After opening this week at the level of 151.72, GBP/JPY has seen mixed movement. Throughout the week, GBP/JPY has fluctuated between lows of 150.86 and highs of 152.51.
The high of 152.51 was actually the best level for GBP/JPY in around three years, since early-2018.
GBP/JPY has since slipped from that best level. At the time of writing on Friday, GBP/JPY is trending just below the week’s opening levels in the region of 151.52 – which also means it is not too far below its best levels in years before markets close for the week.
Pound (GBP) Exchange Rates Find Some Support in Forecast-Beating Public Borrowing
The Pound’s rally has slowed and the British currency saw more mixed movement over the past week. However despite this, Sterling remains a broadly appealing currency due to expectations that Britain will recover from the coronavirus pandemic.
Sterling found some late-week support in today’s UK public borrowing results, which were a little better than expected.
According to Thomas Pugh, UK Economist at Capital Economics:
‘February’s public finances figures showed that borrowing is course to match the OBR’s 2020/21 forecast of £355bn. But if we are right in thinking the economic recovery will be faster and fuller than the OBR expects, borrowing will undershoot the OBR’s forecasts further ahead’
This news helped the Pound to avoid late-week losses and steady before markets closed for the week.
It follows UK confidence data, which also beat forecasts earlier this morning, and the more optimistic tone taken by the Bank of England (BoE) yesterday.
Ultimately, these developments had little impact or surprise for the Pound outlook. They weren’t enough to keep the Pound at its best levels, but did make it easier for the British currency to avoid further losses.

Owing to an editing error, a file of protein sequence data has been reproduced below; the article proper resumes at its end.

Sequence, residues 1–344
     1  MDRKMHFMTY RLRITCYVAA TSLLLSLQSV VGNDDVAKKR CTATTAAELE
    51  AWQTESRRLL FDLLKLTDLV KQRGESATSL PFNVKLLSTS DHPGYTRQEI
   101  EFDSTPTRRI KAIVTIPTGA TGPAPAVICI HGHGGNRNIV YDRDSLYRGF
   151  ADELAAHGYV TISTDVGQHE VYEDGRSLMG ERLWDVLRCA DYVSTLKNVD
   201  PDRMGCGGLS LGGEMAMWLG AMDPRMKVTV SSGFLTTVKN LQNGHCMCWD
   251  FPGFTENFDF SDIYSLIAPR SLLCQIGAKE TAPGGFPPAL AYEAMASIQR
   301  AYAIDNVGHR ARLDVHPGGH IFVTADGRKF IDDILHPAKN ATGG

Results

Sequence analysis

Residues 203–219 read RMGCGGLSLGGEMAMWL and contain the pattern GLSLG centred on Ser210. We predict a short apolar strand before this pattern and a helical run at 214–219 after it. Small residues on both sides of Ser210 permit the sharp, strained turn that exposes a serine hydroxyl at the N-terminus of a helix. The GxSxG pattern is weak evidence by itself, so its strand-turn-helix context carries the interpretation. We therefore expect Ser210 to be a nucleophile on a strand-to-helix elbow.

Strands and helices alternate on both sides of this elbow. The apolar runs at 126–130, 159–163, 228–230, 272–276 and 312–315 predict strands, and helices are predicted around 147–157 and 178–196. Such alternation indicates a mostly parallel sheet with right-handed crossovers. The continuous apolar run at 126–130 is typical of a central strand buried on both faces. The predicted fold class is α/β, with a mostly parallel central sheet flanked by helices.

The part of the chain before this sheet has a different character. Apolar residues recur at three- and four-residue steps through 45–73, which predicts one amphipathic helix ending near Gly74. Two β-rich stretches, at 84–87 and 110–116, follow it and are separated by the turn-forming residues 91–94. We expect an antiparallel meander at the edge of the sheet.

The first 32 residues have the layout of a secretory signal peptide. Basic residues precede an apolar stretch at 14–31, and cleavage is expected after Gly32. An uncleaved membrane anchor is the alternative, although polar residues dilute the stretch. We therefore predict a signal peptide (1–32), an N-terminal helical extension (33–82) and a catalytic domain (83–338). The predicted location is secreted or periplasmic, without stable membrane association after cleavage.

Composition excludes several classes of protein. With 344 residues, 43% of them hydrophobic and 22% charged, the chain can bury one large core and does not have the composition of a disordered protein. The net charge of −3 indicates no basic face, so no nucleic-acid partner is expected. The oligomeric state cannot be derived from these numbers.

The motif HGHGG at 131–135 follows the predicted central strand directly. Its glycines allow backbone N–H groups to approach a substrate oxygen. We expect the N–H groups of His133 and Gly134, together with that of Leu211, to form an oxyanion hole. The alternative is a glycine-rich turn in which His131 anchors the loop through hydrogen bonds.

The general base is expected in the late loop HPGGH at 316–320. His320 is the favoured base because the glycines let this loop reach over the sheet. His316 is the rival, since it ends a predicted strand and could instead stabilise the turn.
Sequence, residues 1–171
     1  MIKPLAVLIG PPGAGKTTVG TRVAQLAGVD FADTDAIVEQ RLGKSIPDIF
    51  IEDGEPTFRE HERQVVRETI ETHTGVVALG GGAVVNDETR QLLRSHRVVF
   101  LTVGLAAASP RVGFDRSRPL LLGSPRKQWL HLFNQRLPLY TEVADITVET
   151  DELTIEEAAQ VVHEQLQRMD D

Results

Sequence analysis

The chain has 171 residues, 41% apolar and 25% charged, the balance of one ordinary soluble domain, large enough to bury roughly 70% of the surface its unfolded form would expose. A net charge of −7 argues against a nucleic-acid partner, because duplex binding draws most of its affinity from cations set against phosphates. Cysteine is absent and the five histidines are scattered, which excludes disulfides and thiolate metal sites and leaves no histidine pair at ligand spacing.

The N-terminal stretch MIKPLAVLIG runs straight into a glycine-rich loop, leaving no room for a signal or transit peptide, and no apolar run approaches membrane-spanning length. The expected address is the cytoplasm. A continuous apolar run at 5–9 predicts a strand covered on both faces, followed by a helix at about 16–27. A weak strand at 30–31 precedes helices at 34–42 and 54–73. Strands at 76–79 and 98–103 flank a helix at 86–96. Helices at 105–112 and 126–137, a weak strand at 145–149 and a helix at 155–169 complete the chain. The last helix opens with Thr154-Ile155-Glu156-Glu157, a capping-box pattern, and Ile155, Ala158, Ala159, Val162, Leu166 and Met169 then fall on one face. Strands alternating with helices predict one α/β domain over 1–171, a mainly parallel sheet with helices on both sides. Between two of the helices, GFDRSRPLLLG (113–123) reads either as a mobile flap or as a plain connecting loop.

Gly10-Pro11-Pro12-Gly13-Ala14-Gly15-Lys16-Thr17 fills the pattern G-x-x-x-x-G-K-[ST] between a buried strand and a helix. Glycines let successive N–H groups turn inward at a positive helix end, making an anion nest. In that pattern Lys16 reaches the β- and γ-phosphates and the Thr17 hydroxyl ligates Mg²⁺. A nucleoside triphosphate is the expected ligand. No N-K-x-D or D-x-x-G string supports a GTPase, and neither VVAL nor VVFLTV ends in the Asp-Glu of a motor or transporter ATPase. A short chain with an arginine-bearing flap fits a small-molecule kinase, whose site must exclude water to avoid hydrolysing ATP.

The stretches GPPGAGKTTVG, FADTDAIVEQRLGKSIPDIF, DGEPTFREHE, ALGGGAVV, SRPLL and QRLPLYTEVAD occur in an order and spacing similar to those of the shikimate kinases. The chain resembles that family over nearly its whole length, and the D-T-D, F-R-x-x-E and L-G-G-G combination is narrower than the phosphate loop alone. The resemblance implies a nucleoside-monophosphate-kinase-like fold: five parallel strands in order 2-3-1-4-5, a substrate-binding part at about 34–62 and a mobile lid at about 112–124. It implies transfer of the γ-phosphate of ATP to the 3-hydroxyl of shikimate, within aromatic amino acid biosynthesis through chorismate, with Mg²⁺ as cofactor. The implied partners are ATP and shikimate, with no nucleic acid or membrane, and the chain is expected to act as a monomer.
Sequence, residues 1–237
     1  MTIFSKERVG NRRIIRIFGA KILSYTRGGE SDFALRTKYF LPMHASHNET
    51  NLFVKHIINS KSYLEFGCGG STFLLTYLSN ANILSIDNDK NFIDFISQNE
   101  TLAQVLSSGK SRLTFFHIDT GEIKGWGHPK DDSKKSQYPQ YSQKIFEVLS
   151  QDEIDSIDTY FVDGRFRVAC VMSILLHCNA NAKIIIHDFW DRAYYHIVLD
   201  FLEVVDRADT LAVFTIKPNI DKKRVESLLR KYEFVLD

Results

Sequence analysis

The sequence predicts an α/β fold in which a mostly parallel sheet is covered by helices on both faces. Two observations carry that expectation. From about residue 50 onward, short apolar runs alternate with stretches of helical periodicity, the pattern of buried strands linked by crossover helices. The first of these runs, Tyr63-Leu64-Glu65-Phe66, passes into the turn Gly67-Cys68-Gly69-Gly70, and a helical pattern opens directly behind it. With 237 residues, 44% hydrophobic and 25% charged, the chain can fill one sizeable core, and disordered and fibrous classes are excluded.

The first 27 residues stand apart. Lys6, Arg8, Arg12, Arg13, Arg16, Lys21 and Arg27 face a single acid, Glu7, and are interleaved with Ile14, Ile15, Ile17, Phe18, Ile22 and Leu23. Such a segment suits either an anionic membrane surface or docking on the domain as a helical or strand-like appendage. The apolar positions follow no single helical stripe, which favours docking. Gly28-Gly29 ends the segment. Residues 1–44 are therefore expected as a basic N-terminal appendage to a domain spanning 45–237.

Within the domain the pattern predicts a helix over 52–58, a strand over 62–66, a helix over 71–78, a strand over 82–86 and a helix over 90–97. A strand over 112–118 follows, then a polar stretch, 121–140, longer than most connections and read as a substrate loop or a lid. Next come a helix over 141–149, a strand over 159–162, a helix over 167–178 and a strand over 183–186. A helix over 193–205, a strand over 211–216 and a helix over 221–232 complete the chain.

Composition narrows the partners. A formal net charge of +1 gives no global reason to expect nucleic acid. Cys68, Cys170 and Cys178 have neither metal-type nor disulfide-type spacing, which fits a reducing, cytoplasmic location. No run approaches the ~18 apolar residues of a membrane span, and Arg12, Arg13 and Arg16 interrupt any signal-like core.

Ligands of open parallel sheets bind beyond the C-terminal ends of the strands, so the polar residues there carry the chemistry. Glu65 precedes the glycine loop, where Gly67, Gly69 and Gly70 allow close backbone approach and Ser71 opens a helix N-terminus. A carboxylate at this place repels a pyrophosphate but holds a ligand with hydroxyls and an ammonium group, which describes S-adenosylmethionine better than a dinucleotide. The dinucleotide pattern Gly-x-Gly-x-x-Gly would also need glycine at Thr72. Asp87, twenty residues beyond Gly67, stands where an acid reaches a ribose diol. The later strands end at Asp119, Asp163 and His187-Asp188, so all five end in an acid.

Japanese Yen (JPY) Exchange Rates Firm amid Bank of Japan’s (BoJ) March Decision
The Japanese Yen has seen poor performance lately. As a safe haven currency, it has been weak as global recovery hopes rise. On top of this, it has also been weak due to strength in its rival the US Dollar (USD) and concerns about Japan’s economic outlook.
However, the Yen has finally been showing signs of steadying this week.
Demand for the Yen improved in the middle of the week, when the Federal Reserve took a notably dovish stance on US monetary policy.
The Fed’s stance led to losses in the US Dollar, which boosted demand for the Yen in return.
Since the middle of the week, the Yen has also been benefitting a little more from safe haven demand, as some major economies show signs that coronavirus lockdown measures may be extended.
Today also saw the Bank of Japan (BoJ) hold its March policy decision. As expected, the bank left monetary policy frozen, with interest rates being kept at –0.1%.
The bank did widen the band for allowing long-term interest rates to move around its target however. According to BoJ Governor Haruhiko Kuroda:
‘I’m not thinking of widening the band for long-term yields … We allowed long-term rates to move up and down 0.25% around our target to enhance market functions. But we will ensure any moves won’t diminish the impact our yield curve control policy has in stimulating the economy.
If you ask me whether the BOJ could reduce its bond buying in market operations to prevent yields from falling too much, I will say no, we don’t have such a plan.’
GBP/JPY Exchange Rate Forecast: UK Job Market Report Next Week
Next week’s economic calendar will be a little busier, and markets will look towards how data shows economies are weathering the coronavirus pandemic.
Tuesday will see the publication of Britain’s latest job market report. As one of the week’s most influential datasets, surprising UK job data could influence the UK coronavirus and economic outlooks if they surprise investors.
Wednesday will follow with UK inflation data and PMI projections for March. The PMIs will give investors a better idea of how Britain’s economy has been weathering the pandemic this month.
Japanese PMI projections are due on Wednesday as well. Stronger PMIs or more optimistic meeting minutes could support the Japanese Yen.
Of course, Pound to Japanese Yen exchange rate investors will remain focused on domestic coronavirus pandemic developments as well.
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